Wednesday, April 02, 2008

Digital Camera

In preparing for the upcoming vacation, we thought it might be about time to join the 21st century and purchase a digital camera. Unfortunately, I know absolutely nothing about digital cameras, how to upload pictures, and if you need to buy specific software to do this. There are probably other digital camera questions that I don’t even know enough to ask. So whenever I need advice, I turn to my blog and specifically people who read this for help. HELP!

I have no idea where to start. How much do digital cameras even cost? Does anyone have recommendations about specific types or brands of cameras? Are there features I should look for? Do I need to buy film or a battery separately? Do digital cameras even have film? (Sadly, this last question is not a joke.)

Thanks for any assistance. Of course, I may fall back on my usual way of taking pictures: disposable cameras.

9 comments:

Messiah said...

I have a Kodak. It's fine. I don't know if others are better. I don't know from features.

All cameras come with a rechargeable battery, and I'm pretty sure that all cameras come with an adapter in the box to charge directly into the wall.

YOu don't need film, but you DO need to buy and SD card. I'm sure your camera salesman will try to sell you one. Since you need it quick, you can't scour ebay for good deals, but I'd buy a pretty huge one (512 MB should be okay, but 1 GB is better) so you don't have to worry about disk space when you're traveling. If you do run out of disk space, just buy another SD card -- CVS stocks them these days.

All cameras also come with a USB cable to download to the computer. Kodak (and probaby more) also sell a docking station that you can charge and download the camera automatically.

If you want to update your blog with photos while traveling, you'll need the cable. An alternative is to go to radio shack and buy and SD card reader -- you take the SD card out of the camera and plug it into the reader to download. Works great if you want to download pics from other people's cameras onto your computer.

Captain Easychord said...

your most basic choice when buying a digital camera is point-and-shoot vs. DSLR... the former are smaller (think fits comfortably in your pocket) and cheaper ($250 or so?)...

the latter are the kind you'll see people carrying around in a bag or on a large strap around their neck... they're also a good bit more expensive ($500, minimum)... but with the right lenses (which are the real investment when you're serious about your DSLR photography), they offer a lot more versatility to get great shots in different conditions...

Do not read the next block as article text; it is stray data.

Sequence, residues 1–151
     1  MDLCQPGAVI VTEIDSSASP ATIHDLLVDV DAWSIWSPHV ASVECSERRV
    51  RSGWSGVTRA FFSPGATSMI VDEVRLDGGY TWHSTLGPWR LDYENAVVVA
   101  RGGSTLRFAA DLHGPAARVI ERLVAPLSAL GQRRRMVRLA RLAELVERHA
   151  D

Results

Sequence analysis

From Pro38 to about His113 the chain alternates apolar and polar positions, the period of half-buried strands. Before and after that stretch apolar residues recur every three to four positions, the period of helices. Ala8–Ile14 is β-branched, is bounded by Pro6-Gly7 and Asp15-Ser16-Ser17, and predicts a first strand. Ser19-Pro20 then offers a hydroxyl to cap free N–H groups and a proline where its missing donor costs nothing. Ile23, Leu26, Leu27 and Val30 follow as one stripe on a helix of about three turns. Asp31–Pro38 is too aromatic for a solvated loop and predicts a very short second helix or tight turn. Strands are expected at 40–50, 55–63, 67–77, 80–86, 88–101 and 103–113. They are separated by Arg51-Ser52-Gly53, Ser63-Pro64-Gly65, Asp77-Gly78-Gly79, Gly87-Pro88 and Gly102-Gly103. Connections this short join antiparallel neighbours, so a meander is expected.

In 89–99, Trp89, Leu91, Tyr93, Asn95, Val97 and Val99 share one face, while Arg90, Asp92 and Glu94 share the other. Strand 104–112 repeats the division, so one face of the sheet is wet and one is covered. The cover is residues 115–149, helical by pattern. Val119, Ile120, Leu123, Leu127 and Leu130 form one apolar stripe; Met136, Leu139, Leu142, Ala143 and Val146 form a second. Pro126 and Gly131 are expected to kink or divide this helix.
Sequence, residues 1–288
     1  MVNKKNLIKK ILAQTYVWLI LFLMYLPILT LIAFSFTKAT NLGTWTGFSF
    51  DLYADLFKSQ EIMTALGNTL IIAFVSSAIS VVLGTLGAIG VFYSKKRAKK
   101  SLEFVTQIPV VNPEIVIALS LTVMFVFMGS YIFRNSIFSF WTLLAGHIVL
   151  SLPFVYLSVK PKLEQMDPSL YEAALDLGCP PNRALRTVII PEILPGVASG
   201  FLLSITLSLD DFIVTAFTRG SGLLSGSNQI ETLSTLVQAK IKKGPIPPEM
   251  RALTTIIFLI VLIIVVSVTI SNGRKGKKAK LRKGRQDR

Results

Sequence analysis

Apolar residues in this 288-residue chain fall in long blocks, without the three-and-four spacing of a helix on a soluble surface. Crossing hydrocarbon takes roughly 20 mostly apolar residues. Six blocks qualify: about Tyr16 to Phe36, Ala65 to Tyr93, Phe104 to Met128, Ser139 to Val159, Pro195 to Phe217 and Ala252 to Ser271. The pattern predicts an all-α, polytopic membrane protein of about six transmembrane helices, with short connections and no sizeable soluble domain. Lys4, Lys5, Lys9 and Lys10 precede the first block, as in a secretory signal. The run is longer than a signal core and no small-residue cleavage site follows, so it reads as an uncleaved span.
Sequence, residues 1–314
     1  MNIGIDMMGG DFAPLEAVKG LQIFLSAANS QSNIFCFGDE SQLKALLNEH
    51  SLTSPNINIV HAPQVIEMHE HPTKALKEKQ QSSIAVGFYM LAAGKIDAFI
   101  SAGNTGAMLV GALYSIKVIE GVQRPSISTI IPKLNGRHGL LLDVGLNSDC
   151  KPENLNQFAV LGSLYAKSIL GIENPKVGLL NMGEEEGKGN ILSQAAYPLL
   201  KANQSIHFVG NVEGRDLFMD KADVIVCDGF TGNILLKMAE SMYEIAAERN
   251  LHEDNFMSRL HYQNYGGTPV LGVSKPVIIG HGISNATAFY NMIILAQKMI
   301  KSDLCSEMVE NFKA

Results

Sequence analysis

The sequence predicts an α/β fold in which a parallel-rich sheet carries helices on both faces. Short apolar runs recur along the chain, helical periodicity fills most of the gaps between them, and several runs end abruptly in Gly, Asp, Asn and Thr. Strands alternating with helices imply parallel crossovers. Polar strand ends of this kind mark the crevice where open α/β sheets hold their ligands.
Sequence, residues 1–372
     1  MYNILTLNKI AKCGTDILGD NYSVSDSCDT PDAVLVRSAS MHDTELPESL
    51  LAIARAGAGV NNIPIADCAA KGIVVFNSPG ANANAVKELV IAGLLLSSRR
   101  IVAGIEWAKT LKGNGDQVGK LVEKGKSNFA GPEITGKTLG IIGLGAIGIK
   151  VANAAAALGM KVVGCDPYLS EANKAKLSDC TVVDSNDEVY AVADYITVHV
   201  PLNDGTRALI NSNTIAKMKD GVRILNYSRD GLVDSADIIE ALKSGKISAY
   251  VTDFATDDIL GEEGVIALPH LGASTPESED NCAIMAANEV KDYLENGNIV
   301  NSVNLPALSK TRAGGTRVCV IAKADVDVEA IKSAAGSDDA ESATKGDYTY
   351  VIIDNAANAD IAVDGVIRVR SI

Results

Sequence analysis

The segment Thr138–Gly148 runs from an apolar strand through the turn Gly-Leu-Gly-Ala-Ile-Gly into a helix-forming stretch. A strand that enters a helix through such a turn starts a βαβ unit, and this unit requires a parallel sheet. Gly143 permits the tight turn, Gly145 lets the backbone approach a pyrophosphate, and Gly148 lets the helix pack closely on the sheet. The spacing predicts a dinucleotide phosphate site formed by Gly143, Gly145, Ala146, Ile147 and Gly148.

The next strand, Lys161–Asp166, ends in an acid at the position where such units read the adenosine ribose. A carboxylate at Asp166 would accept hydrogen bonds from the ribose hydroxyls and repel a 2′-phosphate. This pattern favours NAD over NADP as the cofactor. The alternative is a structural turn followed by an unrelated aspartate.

if you're just looking for vacation pix and maybe some other occasional stuff, a point-and-shoot is probably the best option... just don't expect great results when you take the camera out to see the nats...

in the realm of point-and-shoot, the canon powershot line has a good reputation... I've been happy with the results I've gotten from my casio exilim... just about any problem I might have with it is a limitation of point-and-shoots generally (not enough tinkering I can do with apertures and the like, small amount of optical zoom (note that digital zoom is a crock))... my camera also doesn't connect up to a computer with just a USB cable... it has its own separate dock that has to be used to upload photos... a minor annoyance...

if you're interested in taking a look at the DSLRs, some good discussion of buying guides and whatnot can be found here... if you're still not sure what you want to go with, browse the camera finder on flickr (or just browse flickr generally), and you'll get to see a somewhat representative batch of images... (where by "representative", I mean "usually some of the pictures that are fairly highly regarded by other flickr users")...

oh, and no, there is no film... you will, however, need to pick up a memory card of some sort that will store your pictures...

Johanna said...

one addition to what's here: we have a digital point and shoot that uses disposable batteries. bad idea. we burn through them super fast. definitely get one with a rechargeable.

Nick said...

We used to have a Fuji FinePix, which was pretty good. Now we have a Canon Digital Elph, which is really good. It's a fine investment! The only 'hidden' cost not mentioned above is getting the photos 'developed' if you want to have print copies. But getting film developed is expensive anyway, so at least this way you have the option of being selective about what you want printed.

Sean said...

Messiah, Captain, Johanna & Nick - Thank you very much for your suggestions! I'm probably going to head to Best Buy tonight to see what they have. This is a huge help!

Captain Easychord said...

ugh... best buy sucks for a number of reasons... and in this particular case, going somewhere where you might get more helpful advice might be a good idea? I understand that penn camera is a favored choice for many of the local camera geeks due to helpful service folk...

John Martin said...

Hi

Thanks for these informations. These are really useful and worthy for the readers and those who are dealings with these products and services.

With appreciations and regards,

John Martin

Sean said...

If anyone happens to read this, we bought an Optimus 8.0 megapixal from Radio Shack. We also got reachargeable batteries and will get a 2 GB SD card. It seems like we got a good deal as the camera was $90 on sale from $140.

I hope we did OK.

Anonymous said...

Cool variety of digital cameras are available at Ritz Camera with many coupons.....!